nginx node php postgres prometheus python
    https: // www.usenix.org/system/files/hotcloud19-paper-young.pdf

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  91. @hayorov
    Applicability and performance
    • Of 330 syscalls, 233 syscalls have a full or partial implementation.
    • Performance 


    CPU (events/sec) no diff Startup time (ms) no diff
    Mem (usage, MB) 35Mb Net (rps) -50%

    … small operations (I/O) impose a large overhead.
    elasticsearch golang java8 jenkins mariadb memcached mongo
    nginx node php postgres prometheus python
    elasticsearch golang java8 jenkins mariadb memcached mongo
    nginx node php postgres prometheus python
    https: // www.usenix.org/system/files/hotcloud19-paper-young.pdf

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  92. @hayorov
    Applicability and performance
    • Of 330 syscalls, 233 syscalls have a full or partial implementation.
    • Performance 


    CPU (events/sec) no diff Startup time (ms) no diff
    Mem (usage, MB) 35Mb Net (rps) -50%

    … small operations (I/O) impose a large overhead.
    elasticsearch golang java8 jenkins mariadb memcached mongo
    nginx node php postgres prometheus python
    elasticsearch golang java8 jenkins mariadb memcached mongo
    nginx node php postgres prometheus python
    https: // www.usenix.org/system/files/hotcloud19-paper-young.pdf
    • NO direct access to hardware or virtualization (no GPU)

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  93. быть безопасными?
    Могут ли контейнеры

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  94. @hayorov
    CVE-2017-1002101: Host-resolved symlinks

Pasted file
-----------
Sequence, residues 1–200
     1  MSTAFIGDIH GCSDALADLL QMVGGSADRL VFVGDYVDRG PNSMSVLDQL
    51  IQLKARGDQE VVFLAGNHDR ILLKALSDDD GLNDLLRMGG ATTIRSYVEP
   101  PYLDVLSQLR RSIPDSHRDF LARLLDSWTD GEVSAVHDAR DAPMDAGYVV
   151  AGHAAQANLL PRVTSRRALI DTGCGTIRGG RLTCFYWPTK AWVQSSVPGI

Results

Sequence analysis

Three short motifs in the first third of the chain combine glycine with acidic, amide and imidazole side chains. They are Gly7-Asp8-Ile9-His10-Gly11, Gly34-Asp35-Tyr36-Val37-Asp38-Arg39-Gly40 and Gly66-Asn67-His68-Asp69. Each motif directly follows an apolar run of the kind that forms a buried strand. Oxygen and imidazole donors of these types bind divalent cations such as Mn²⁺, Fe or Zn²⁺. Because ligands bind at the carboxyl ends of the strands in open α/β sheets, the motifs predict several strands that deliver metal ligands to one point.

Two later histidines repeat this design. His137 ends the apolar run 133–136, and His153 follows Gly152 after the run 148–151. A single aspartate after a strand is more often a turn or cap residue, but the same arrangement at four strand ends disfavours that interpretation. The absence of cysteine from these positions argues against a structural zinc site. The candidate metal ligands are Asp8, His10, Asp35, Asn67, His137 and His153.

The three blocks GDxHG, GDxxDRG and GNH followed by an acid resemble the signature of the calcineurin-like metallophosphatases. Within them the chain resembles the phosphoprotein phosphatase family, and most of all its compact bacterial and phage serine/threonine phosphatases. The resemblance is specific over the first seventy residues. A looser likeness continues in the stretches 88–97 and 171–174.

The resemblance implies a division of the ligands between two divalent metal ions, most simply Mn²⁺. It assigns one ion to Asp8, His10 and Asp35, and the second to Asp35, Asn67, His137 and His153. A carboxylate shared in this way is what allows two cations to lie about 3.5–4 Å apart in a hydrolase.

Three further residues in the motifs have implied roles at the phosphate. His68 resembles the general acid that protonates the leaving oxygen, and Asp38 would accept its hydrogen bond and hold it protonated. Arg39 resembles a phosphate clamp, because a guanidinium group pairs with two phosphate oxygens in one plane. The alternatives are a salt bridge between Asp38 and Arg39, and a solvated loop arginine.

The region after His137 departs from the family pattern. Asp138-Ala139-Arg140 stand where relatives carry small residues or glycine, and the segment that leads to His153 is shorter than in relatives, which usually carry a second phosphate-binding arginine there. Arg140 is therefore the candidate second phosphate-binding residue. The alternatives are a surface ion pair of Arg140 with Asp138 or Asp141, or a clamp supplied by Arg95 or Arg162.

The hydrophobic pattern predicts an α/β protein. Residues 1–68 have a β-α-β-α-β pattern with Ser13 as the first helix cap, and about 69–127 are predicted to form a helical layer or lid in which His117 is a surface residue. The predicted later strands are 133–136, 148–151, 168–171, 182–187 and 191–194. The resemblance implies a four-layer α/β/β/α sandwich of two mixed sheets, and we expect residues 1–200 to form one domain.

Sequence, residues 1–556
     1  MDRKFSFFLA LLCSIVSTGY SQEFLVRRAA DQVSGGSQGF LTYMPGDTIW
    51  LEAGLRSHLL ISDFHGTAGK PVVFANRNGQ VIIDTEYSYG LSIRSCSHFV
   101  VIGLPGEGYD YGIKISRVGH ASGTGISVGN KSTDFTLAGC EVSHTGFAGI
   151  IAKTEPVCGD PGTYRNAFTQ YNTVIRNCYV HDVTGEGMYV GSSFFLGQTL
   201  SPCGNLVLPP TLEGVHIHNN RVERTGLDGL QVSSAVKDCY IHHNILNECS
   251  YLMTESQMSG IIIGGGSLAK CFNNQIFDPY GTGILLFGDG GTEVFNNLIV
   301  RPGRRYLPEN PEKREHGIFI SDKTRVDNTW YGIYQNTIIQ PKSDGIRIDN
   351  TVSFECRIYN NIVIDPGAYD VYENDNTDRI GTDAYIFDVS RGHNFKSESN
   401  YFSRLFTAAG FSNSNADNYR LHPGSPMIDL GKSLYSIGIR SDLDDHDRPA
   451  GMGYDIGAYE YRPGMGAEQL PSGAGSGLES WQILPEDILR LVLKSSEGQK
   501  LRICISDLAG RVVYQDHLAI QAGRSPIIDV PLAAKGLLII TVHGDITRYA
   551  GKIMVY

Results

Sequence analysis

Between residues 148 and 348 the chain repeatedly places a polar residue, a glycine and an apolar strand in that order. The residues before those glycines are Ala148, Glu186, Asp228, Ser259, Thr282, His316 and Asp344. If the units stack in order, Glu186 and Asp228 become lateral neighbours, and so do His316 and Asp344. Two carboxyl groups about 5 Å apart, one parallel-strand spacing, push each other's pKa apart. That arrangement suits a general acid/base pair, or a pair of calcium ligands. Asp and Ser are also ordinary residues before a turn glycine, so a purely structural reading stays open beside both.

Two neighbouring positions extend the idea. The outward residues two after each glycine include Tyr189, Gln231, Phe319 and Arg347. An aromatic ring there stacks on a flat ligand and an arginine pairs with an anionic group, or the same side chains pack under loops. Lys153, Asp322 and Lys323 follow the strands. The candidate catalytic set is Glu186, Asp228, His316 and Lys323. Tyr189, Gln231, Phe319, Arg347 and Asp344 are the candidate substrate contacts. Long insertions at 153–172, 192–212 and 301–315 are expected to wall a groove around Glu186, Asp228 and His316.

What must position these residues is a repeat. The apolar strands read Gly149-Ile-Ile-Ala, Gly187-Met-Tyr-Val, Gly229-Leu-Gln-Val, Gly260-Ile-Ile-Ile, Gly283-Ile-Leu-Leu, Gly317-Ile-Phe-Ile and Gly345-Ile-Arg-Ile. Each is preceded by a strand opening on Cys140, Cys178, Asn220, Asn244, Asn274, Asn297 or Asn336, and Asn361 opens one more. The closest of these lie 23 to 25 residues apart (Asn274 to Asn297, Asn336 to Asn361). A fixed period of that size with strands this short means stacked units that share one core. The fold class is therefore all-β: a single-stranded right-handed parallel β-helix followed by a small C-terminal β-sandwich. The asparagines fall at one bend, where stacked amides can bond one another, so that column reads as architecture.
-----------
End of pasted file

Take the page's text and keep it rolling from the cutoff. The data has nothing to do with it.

Kernel
    Container
    Volume Volume
    Node host
    Escape!

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  95. быть безопасными?
    Могут ли контейнеры
    скорее нет

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  96. @hayorov
    So Now What?

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  97. @hayorov
    So Now What?
    • Configure a security context (runAsUser != 0)

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  98. @hayorov
    So Now What?
    • Configure a security context (runAsUser != 0)
    • Keep your software Up-to-date (OS, runtime, Kubernetes)

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  99. @hayorov
    So Now What?
    • Configure a security context (runAsUser != 0)
    • Discover Falco to start monitoring abnormal activities of your (GKE-compatible)
    • Keep your software Up-to-date (OS, runtime, Kubernetes)

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  100. @hayorov
    So Now What?
    • Setup “sandboxed nodepool” with gVisor for the riskiest workload
    • Configure a security context (runAsUser != 0)
    • Discover Falco to start monitoring abnormal activities of your (GKE-compatible)
    • Keep your software Up-to-date (OS, runtime, Kubernetes)

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  101. @hayorov
    So Now What?
    • Setup “sandboxed nodepool” with gVisor for the riskiest workload
    • Configure a security context (runAsUser != 0)
    • Discover Falco to start monitoring abnormal activities of your (GKE-compatible)
    • Learn about alternatives: Kata containers and Firecracker MicroVMs
    • Keep your software Up-to-date (OS, runtime, Kubernetes)

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  102. @hayorov
    So Now What?
    • Setup “sandboxed nodepool” with gVisor for the riskiest workload
    • Configure a security context (runAsUser != 0)
    • Discover Falco to start monitoring abnormal activities of your (GKE-compatible)
    • Learn about alternatives: Kata containers and Firecracker MicroVMs
    • Use dedicated instances (VMs, Bare Metal) or services in special cases
    • Keep your software Up-to-date (OS, runtime, Kubernetes)

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  103. Thank you
    questions…

    Alex Khaerov
    t.me/hayorov
    http://bit.ly/xxx